The Changing Demographics of Meth
Methamphetamine (Meth) is a highly addictive synthetic stimulant that affects the pleasure centers of the brain. It is even considered more addictive than heroin. Meth is sometimes referred to as "Speed," "Chalk," "Ice," "Crystal," "Glass," "Crank," "Yaba," "Fire," Tina," and "Tweak."
Meth releases high levels of the neurotransmitter dopamine, which stimulates brain cells, enhances mood and body movement, and regulates feelings of pleasure. With repeated use, Meth can "turn off" the brain's ability to produce dopamine, leaving users unable to experience any kind of pleasure from anything other than more and more Meth.
Meth is derived from amphetamine, and is commonly made using the base chemicals ephedrine or pseudoephedrine found in over-the-counter medicines. Other common household products can be added to make meth, including: acetone, iodine, anhydrous ammonia (fertilizer), hydrochloric acid (pool supply), lithium (batteries), red phosphorus (matches or road flares), sodium hydroxide (lye), sulfuric acid (drain cleaner), and toluene (brake fluid).
Although there are multiple ways to produce Meth, most involve the use of toxic and volatile substances that can pose a threat to the surrounding area. An odor similar to that of cat urine and other offensive fumes often signify that an illegal Meth lab is in operation. When manufactured by amateurs, the production of Meth can be extremely dangerous and create harmful, toxic gases.
One production method involves heating anhydrous ammonia -- an extremely reactive ingredient that is prone to explosion. In fact, many illegal Meth labs are only discovered after fires or explosions occur due to the improper handling of these toxic chemicals. Clean-up is both hazardous and expensive.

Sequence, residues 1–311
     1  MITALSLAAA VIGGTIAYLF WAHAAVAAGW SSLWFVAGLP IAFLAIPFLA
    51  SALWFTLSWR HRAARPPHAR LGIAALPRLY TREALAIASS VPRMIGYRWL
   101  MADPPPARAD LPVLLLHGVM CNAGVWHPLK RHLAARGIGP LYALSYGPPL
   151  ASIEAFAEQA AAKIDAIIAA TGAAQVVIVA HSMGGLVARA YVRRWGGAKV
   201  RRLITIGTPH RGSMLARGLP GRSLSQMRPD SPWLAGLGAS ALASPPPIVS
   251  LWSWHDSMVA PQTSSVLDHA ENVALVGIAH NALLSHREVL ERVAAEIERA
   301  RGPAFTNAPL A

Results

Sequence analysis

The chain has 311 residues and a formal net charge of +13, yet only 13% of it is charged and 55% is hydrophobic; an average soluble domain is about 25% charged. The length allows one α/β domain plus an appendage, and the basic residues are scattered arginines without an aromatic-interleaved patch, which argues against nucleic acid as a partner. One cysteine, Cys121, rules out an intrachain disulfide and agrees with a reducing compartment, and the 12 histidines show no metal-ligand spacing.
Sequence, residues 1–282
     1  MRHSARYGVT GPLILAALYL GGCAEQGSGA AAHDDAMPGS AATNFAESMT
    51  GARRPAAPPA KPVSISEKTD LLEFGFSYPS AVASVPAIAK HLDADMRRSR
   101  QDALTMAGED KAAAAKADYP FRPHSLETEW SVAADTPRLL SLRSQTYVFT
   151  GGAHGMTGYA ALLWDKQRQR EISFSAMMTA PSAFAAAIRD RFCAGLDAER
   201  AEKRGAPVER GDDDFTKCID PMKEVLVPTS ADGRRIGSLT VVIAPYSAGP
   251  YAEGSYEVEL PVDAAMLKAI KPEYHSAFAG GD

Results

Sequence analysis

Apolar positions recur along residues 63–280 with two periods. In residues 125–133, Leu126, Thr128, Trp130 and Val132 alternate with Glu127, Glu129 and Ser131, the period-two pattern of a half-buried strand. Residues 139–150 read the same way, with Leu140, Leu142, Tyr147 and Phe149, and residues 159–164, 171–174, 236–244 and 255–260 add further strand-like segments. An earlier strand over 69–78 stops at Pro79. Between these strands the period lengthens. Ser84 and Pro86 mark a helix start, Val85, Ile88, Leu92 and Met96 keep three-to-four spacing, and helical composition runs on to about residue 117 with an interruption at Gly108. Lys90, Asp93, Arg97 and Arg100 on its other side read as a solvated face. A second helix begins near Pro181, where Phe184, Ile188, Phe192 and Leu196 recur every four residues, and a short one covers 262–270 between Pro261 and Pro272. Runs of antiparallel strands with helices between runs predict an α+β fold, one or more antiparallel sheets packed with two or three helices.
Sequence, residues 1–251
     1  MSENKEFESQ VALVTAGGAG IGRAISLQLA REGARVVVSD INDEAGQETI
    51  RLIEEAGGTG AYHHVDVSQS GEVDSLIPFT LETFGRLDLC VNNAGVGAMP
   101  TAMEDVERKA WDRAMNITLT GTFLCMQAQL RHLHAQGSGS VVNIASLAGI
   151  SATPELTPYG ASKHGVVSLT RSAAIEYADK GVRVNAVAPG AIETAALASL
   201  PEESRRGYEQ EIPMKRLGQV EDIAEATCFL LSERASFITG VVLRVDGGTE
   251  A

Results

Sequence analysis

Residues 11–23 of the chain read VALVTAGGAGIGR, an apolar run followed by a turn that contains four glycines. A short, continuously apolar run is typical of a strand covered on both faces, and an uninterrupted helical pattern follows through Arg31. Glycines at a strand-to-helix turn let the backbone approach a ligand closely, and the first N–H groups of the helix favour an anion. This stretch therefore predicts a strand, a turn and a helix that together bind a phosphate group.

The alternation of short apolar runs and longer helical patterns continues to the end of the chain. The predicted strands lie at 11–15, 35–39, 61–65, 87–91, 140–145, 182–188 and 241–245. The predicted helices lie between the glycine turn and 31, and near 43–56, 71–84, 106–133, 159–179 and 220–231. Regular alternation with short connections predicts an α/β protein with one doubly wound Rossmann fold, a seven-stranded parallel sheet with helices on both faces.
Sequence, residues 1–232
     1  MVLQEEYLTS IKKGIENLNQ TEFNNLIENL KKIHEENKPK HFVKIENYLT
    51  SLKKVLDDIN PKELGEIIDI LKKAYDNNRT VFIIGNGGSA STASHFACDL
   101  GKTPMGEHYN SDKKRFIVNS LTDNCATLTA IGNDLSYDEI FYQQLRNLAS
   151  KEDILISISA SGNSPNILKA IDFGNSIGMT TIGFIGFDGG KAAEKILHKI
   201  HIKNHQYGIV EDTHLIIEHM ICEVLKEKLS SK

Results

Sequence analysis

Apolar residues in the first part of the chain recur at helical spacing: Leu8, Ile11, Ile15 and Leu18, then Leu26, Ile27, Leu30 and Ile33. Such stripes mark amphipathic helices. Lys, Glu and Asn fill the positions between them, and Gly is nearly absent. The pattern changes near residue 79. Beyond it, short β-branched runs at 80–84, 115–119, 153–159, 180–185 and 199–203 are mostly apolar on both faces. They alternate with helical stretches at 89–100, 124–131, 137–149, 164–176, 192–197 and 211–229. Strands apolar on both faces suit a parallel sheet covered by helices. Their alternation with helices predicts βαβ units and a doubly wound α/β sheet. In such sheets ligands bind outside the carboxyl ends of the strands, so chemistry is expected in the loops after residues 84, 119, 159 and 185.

Meth can be swallowed, snorted, smoked, injected, or inserted anally. Depending on the method of intake, the high from Meth can last from 6 to 24 hours. Injection, one of the more popular methods of administration, is associated with other serious risks such as skin rashes, often referred to as, "speed bumps," and infections at the injection site. Sharing needles when injecting Meth can spread deadly diseases such as hepatitis and HIV; additionally, these diseases are further spread through unprotected sex -- a common activity among Meth addicts. While it is true that Meth sometimes increases sexual desire and stamina, it ultimately decreases the user's desirability and performance.
Many Meth users admit the inability to reach an orgasm at all. Users have also reported an increased level of energy, a decrease in appetite, and may be more likely to engage in reckless or unwanted sex while under the influence. Other common side effects include a lack of hygiene and personal care, anxiety, agitation, blurred vision, hallucinations, diarrhea, sleeplessness, and even stroke or heart attack.
Without the drug, many users slip into a deep depression, making the cycle of addiction hard to break. Meth's parent drug, amphetamine, was widely distributed to army personnel during World War II. Amphetamine-laced chocolate was routinely given to German soldiers. From 1942 to 1945, Adolf Hitler reportedly received daily Methamphetamine injections to treat depression and fatigue. Some attribute his Parkinson's-like symptoms to his use of this drug.